A Crack In The Monolith
It would seem that Red Hat’s GNOME devs have had a meeting and a change of heart:
while we certainly hope that many users will find the new ways comfortable and refreshing after a short learning phase, we should not fault people who prefer the old way. After all, these features were a selling point of GNOME 2 for ten years!
Why, these people are just so darn heart-warming, aren’t they? I love it when they call alt-tab “the old way”. :) Not standard or even different or alternate, but “old”. Why do I feel that in his mind he’s making some minor concessions to senior citizens?
we’ve decided that we will compile a list of supported gnome-shell extensions. This will be a small list, focused on just bringing back some central ‘classic’ UX elements: classic alt tab, task bar, min/max buttons, main menu…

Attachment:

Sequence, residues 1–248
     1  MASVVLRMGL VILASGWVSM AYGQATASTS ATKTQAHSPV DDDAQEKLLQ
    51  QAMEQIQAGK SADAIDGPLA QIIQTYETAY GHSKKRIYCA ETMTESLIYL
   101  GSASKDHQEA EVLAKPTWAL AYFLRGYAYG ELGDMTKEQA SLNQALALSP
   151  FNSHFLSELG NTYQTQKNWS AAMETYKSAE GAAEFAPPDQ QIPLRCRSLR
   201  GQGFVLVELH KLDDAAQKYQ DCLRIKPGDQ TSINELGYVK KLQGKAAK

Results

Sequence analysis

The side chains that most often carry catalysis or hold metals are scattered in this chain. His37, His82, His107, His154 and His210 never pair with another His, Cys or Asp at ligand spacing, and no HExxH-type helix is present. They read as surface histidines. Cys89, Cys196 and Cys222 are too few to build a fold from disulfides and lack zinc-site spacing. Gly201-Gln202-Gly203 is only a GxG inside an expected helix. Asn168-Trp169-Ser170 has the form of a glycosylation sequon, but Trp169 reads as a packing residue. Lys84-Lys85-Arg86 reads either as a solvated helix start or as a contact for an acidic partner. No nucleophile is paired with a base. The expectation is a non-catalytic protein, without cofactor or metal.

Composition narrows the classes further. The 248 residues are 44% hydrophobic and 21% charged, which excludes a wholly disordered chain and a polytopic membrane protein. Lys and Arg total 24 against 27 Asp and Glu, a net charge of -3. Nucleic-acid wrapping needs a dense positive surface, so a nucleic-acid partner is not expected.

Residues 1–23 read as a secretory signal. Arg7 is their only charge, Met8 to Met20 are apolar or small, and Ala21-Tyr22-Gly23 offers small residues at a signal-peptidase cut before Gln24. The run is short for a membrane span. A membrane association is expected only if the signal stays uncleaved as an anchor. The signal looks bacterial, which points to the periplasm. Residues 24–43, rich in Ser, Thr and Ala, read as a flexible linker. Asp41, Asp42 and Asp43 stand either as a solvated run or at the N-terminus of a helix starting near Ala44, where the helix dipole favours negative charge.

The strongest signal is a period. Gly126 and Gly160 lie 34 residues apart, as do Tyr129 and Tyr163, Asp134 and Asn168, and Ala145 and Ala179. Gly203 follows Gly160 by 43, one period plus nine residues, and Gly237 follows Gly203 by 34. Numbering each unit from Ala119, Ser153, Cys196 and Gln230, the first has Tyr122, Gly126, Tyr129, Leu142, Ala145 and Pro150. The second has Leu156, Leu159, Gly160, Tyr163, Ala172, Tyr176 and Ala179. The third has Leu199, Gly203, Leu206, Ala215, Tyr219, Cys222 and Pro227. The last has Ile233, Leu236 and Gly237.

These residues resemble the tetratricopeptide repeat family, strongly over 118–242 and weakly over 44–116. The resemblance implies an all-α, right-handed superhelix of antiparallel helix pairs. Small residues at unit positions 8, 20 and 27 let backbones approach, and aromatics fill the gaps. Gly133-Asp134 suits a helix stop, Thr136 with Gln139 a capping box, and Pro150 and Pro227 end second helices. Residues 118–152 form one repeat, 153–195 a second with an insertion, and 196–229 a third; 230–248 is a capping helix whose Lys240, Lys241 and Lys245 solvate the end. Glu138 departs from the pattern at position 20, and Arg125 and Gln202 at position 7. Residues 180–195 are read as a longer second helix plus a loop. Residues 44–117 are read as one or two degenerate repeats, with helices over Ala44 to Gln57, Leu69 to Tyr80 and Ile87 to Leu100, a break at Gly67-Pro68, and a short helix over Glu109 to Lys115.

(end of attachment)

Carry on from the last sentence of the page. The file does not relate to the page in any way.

We haven’t made a final decision yet on how to let users turn on this ‘classic mode’ – it may be a switch in gnome-tweak-tool or something else.
As in, “oops, we forgot that we have users and they like to actually do stuff, so now we have to figure out how to hack flexibility into our rigidly designed system”. This is sure to be done well.
Yet the good news is they finally responded on this one issue in some form, at least in theory. Perhaps.
Earlier reading: GNOME (et al): Rotting In Threes
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